Photograph: Travis Roozée

At Del Frisco’s Double Eagle Steak House, hostesses clad in miniskirts shorter than a tween’s attention span welcome diners to the celebrated Texas-based steak chain’s multimillion-dollar roll of the dice in Oak Street’s revamped Esquire ­Theater. Their bosses have flooded three stories with Gold Coast excess: an atrium skylight, a fearsome shimmering chandelier, an 85-inch flat screen in the bar. A 47-foot suspended wine tower is so enormous it has multiple entrances, a spiral staircase, and its own system of governmental law.

An infectious enthusiasm charges the air inside. Stick to meat and you might find yourself equally pleased. The 24-ounce porterhouse is a true world-beater: prime Stock Yards beef that’s been wet-aged for 28 days, seasoned with no more than salt and pepper, and left to self-baste in a 1,300-degree broiler. Sounds comparable to dozens of steaks around town, but this specimen produces a remarkable charred crust that encloses an irresistible tangy flavor.


FYI No matter how full you are, you will grab a handful of jelly beans from the dish near the elevator on your way out.
TAB $60 to $70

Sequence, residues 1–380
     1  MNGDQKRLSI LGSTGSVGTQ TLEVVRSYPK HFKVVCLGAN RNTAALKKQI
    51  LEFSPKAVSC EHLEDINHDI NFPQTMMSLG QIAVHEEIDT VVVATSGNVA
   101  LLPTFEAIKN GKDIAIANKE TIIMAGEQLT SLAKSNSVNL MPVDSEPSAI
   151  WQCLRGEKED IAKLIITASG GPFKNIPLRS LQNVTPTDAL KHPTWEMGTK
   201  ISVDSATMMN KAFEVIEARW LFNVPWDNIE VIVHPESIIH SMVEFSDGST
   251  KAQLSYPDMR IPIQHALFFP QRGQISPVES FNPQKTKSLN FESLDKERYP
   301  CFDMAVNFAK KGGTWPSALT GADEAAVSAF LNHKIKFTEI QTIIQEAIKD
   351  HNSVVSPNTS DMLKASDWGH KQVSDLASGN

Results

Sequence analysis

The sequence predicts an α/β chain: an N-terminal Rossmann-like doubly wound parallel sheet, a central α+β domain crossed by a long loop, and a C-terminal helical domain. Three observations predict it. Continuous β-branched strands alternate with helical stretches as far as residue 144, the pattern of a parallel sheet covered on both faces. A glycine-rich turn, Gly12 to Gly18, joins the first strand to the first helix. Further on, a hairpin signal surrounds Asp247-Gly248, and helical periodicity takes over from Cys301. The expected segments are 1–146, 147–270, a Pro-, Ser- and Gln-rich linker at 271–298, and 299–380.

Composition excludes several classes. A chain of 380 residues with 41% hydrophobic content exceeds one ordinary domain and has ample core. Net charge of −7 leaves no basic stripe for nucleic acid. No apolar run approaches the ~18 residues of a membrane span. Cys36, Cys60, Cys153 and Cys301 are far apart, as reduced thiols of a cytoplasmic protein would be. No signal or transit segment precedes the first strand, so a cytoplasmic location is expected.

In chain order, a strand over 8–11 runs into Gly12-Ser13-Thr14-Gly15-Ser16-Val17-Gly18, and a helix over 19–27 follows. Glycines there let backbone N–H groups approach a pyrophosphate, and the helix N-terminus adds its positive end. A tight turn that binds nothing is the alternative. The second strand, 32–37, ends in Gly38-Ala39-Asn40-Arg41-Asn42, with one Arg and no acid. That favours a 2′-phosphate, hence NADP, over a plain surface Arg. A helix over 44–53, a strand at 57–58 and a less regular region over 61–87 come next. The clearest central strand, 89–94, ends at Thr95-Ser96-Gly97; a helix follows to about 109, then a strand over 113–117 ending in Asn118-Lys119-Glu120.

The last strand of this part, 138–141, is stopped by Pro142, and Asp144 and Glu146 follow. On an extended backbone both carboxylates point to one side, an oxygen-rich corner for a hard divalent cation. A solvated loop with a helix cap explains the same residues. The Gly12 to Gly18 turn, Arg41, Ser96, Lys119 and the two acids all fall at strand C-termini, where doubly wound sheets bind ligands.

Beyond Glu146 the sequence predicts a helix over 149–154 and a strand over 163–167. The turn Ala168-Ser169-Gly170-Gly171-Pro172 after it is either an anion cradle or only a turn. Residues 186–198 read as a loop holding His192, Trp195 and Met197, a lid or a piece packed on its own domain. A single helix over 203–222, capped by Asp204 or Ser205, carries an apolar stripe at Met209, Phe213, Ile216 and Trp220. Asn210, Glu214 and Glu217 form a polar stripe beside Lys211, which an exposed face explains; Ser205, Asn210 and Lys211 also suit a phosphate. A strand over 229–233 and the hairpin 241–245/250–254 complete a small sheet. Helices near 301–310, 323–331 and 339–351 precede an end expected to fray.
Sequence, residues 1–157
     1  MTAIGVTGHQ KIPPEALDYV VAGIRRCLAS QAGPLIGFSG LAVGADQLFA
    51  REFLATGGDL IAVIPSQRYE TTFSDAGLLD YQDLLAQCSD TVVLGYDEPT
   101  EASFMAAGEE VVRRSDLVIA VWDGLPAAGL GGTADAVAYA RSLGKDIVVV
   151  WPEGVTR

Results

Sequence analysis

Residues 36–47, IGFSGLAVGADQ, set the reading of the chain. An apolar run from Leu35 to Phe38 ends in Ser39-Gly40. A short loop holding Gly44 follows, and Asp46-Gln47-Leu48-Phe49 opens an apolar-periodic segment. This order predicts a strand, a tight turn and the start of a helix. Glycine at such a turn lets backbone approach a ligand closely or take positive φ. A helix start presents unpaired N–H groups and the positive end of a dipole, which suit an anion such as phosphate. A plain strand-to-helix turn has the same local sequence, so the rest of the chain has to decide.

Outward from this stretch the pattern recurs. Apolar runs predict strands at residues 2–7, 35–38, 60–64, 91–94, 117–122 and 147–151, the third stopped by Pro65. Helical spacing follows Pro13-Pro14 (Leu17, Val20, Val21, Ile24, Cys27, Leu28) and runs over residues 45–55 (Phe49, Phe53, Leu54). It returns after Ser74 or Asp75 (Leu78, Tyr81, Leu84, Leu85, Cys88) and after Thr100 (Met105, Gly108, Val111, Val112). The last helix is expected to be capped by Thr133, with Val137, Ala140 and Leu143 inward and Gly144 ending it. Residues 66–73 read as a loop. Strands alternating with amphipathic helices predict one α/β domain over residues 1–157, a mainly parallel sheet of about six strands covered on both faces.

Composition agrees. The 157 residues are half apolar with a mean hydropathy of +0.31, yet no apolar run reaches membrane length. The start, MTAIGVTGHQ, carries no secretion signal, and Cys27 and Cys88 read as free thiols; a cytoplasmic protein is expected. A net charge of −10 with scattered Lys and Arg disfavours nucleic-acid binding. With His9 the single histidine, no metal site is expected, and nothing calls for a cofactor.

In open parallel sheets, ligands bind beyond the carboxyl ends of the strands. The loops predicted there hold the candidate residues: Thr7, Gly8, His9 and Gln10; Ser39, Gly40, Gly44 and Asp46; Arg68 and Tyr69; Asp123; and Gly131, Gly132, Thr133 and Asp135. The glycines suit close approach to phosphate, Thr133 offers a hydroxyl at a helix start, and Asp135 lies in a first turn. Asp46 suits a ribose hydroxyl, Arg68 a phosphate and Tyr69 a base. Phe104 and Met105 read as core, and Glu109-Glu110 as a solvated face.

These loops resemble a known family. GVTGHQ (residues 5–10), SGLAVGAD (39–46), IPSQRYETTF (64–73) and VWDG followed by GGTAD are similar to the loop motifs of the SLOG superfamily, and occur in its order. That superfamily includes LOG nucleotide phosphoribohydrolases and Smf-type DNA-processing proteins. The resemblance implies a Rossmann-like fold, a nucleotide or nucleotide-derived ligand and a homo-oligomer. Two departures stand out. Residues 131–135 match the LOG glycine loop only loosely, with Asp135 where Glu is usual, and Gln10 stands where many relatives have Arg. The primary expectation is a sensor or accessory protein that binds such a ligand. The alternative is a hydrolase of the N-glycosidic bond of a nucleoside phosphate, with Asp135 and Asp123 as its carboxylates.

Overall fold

HOURS Lunch Mon. to Fri.; dinner nightly

Tab does not include alcohol, tax, or tip.

Steak houses, though, involve so many more factors, and most of them make no sense. Del Frisco’s has a wine list with 1,500 selections few can afford without the aid of an expense account, heaping colonies of greasy onion rings, and ill-advised curve balls like king crab gnocchi and cheese steak egg rolls, both of which I’m fairly certain come just before the hagfish entrails course in Beelzebub’s prix fixe. An overreliance on pepper and chili oil sears too many dishes—though the cocktail-numbed tongues around the bustling room didn’t seem bothered.

In fairness, Del Frisco’s nails a few nonsteak details. Briny Tatamagouche oysters on the half shell hit the right notes, and fresh Alaskan king crab legs, laid to rest in their open shells, showcase that telltale sweet-salty marriage the way it’s meant to be. Thick and toothy wild mushroom and barley soup is a quiet masterpiece; a moist tomahawk veal chop flaunts the same wonderful caramelization as the steaks. Drinks are stiff if blunt, and the eager staff is charmingly self-deprecating—a blast of pure oxygen in the usual stagnant air hanging over meat palaces. Just don’t believe your server when he pushes Del’s Delight, a tyrannical slushfest of soupy vanilla ice cream, crème de cacao, and hazelnut-and-walnut-tinged Nocello in a humiliated-looking martini glass.

“We’re like steak house No. 50 in this town,” said our waiter at one point. He’s responding, unprompted, to the customary question when an outsider like Del Frisco’s comes to town: Does Chicago need more steak houses? That’s the wrong question. What we should be asking is, When will we start holding them to the same standards as every other restaurant? Call me crazy, but, except for the setting, I can’t tell Del Frisco’s apart from No. 49, nor probably from whatever No. 51 turns out to be. But happy people jam these mercurial places night after night, so even if Chicagoans don’t need another steak house, they obviously want it.

Still hungry? Check out our list of Chicago's 20 Best Steak Houses.